Easter is just around the corner. While in our culture Christmas gets all the excitement, Easter has been a special and important celebration throughout history. It is the celebration of the resurrection of Jesus. I thought I would give you some background facts about the celebration of Easter. Continue reading
I have officially caught the Holy Week Hangover. I woke up Monday morning late and groggy with a stuffed up nose and a sore throat. Clearly I got the flu. Probably all the candy and other bad eating habits of the holidays are not helping. But I have come to expect such feelings on the day after Easter. Easter is busy. Not only are there extra worship services and extra sermons, but there is also a lot of pressure to have a good showing for Easter guests. I am always tired this week.
The Holy Week Hangover also highlights 2 of the most challenging aspects of ministry:
- Ministry is personally draining. Ministry involves giving a lot of yourself to your work. It is unlike other jobs in this regard. It can be so much a part of who you are that some pastors get themselves absorbed into their work. Preaching is especially like this. Good sermons require a little blood to be given in the process.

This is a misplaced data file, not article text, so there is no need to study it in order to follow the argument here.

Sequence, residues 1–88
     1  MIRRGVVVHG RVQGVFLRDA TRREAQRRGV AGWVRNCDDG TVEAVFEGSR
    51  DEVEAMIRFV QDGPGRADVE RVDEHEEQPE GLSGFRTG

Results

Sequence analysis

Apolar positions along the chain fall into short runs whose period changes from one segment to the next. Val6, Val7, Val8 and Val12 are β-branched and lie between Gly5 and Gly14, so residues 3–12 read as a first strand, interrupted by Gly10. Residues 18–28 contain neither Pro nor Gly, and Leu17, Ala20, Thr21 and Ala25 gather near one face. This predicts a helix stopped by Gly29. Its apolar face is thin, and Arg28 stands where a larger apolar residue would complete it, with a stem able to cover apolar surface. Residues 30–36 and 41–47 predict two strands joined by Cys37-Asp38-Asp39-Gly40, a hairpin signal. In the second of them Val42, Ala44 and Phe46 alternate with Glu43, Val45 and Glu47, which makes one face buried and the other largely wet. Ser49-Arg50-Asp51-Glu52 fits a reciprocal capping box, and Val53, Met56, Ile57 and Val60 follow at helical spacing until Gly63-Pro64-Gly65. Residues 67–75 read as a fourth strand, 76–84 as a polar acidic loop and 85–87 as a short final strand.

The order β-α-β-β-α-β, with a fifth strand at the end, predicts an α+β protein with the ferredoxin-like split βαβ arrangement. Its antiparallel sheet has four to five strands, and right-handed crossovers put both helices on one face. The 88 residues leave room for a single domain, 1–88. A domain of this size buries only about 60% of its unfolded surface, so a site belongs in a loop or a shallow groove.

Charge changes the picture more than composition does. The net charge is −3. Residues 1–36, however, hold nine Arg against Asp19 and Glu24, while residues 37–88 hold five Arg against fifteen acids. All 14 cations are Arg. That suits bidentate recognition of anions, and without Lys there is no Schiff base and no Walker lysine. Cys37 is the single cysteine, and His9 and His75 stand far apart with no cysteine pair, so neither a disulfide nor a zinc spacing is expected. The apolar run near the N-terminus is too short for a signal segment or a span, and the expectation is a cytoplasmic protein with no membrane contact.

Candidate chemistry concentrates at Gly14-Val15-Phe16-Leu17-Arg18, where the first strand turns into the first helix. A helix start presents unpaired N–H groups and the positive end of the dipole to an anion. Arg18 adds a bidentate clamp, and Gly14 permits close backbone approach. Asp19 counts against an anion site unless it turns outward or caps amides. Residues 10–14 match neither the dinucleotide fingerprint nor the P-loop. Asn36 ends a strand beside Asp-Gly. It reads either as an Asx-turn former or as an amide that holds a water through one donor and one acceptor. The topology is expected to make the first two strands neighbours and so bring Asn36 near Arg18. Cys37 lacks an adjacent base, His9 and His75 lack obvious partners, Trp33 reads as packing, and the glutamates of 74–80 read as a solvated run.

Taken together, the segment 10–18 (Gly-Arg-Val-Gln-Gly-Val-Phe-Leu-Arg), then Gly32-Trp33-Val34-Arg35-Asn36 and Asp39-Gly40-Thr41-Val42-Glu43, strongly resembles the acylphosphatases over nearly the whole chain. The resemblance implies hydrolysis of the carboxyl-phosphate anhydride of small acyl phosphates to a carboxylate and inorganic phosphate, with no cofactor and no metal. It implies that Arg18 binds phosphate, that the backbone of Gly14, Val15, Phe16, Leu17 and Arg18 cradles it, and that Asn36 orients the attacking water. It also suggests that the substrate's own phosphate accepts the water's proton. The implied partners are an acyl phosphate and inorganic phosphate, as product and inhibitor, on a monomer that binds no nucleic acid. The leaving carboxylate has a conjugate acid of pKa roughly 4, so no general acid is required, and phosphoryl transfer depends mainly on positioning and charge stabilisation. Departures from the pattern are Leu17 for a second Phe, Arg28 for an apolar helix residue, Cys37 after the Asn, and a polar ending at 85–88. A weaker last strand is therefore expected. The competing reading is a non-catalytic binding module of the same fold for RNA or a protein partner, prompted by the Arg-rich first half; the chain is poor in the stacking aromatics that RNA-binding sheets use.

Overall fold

- Ministry is inconsistent. Ministry ebbs and flows in its seasons, rhythms, and demands. Every day and every week is a little different. Some weeks, however, are harder on the body and the spirit than others. You get weeks of difficult sermons, weddings, 2 funerals, or a church conflict. Many pastors seem to like this aspect of the work except that it is uncontrollable. You don’t get to decide when your crazy weeks will be. (At least Holy Week is always scheduled ahead of time.)
So Holy Week comes and goes and we a left emotionally and spiritually spent, energetically and creatively empty, and in my case sick. What do we do about the Holy Week Hangover?
- Realize that the Holy Week Hangover is normal. It is ok to feel like this.
- If you feel like this all the time, then you have a problem. It is ok to feel like this after a big week, but if you always feel like this then you are practically sprinting to a burn out or a break down.
- Schedule very little for the week or two after Holy Week. I tend to leave some space in my calendar and the church calendar so that I can regroup and plan ahead in the weeks following Easter.
- Take some time to refresh. Invest some time in whatever brings you life—rest, sleep, binge watch TVshows, read a novel, visit with an old friend…
- Spend some time with your family. Chances are that your family has been a little on the back burner as Holy Week unfolded. Take time to spend some time with your spouse and kids.
Hope this post was helpful. I am going back to bed.